Sunday, May 9, 2010

What makes Expert - Matt.Traxinger

Today I read the following post from Mr. Matt.Traxinger and really impressed with it…

The what is not nearly as important as the why.
Obviously the most important part of being an expert is understanding what you're doing. Don't get that confused with knowing what you're doing. Just because you can perform the lab exercises in the functional and technical manuals with your eyes closed doesn't mean you're an expert. Knowing how to run Adjust Cost, even knowing what it does, is not the same as understanding why it needs to be run.

It's not what you know, it's who you know
If you know what every button, every object, and every line of code in the system does then congratulations. You should either be billing 2000 hours a year and making a six-figure salary or running your own solution center. It's important to remember that in an application as big as NAV you're never going to know it all. Even Microsoft MVPs and senior level professionals have questions sometimes. That's not to say that you shouldn't strive to learn as much as possible, but you should have a place, or better yet, specific people that you can bounce questions off of. Speaking from experience, it's not easy to learn when you don't have anyone to help you. If you need a place to start, I highly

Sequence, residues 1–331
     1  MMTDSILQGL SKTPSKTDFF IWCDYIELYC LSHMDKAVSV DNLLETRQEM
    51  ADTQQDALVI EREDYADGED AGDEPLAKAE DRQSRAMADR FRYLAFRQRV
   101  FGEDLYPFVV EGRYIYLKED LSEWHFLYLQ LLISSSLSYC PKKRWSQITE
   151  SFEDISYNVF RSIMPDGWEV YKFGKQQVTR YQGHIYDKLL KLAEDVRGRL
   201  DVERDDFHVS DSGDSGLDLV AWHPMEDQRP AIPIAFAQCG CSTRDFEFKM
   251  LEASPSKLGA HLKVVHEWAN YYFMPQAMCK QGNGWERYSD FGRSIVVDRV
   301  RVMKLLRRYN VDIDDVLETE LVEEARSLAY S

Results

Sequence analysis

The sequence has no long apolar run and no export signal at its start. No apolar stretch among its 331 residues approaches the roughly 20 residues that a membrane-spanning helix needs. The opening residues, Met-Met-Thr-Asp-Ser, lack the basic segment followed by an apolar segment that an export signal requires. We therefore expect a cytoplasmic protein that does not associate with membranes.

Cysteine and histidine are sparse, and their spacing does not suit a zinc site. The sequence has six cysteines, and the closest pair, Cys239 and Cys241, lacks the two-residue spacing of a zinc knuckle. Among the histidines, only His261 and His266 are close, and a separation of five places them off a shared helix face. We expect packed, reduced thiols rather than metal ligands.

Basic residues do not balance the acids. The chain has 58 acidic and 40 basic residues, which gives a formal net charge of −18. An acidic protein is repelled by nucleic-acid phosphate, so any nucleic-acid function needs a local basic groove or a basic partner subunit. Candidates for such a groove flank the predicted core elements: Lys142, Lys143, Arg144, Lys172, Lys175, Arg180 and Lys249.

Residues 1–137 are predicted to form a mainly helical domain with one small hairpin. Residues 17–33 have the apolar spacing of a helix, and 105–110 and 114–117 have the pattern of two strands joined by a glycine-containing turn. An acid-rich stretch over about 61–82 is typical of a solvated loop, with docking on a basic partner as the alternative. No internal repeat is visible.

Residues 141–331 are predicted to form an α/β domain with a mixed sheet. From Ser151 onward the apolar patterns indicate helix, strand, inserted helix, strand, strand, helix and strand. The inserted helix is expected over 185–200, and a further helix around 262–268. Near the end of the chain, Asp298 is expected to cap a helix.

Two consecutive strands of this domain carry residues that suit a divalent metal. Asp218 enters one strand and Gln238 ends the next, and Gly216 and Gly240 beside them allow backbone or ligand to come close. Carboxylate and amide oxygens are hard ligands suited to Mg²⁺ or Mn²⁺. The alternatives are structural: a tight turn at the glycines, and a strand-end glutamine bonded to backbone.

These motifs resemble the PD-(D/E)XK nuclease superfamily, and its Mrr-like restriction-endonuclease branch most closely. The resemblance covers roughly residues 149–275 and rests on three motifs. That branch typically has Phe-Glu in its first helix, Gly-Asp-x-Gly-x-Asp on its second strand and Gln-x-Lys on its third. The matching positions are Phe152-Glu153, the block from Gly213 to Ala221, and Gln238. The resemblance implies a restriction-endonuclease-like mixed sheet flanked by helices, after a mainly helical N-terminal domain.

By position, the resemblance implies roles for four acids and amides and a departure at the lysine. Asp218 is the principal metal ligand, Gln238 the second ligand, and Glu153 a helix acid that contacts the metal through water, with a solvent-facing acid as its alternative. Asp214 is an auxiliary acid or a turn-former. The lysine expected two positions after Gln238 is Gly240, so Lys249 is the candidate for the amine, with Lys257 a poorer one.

Love what you do
I've developed in my fair share of languages: Basic, C, C++, Java, Jython, C#, SmallTalk, Lisp, just to list the more well known ones. I've built windows applications, web sites, all sorts of things. I have to say, though, that I absolutely love being an ERP developer. If I spent my days writing OS and device driver code I would go insane. Whenever people ask me what I do, it's basically a conversation ender: Computer Programmer (I boil it down to a term they should be familiar with). Little do they know they're missing out on so much fun. I can't imagine doing anything different. If you don't feel the same way about what you do, then you should find something you do love. Don't spend your time trying to become an expert in something you don't want to do.

If you can't put the things you know into words (that includes speaking, writing, coding, and anything else that involves knowledge transfer) then you cannot be considered an expert. The purpose of becoming an expert is not just to hoard everything you've learned, but to turn that knowledge into practical, useful tools. More importantly, your knowledge should be used to make other more knowledgeable. Think back to when you were the junior developer, wanting to succeed, but not knowing where to start. The ability to help others will only make you more successful.

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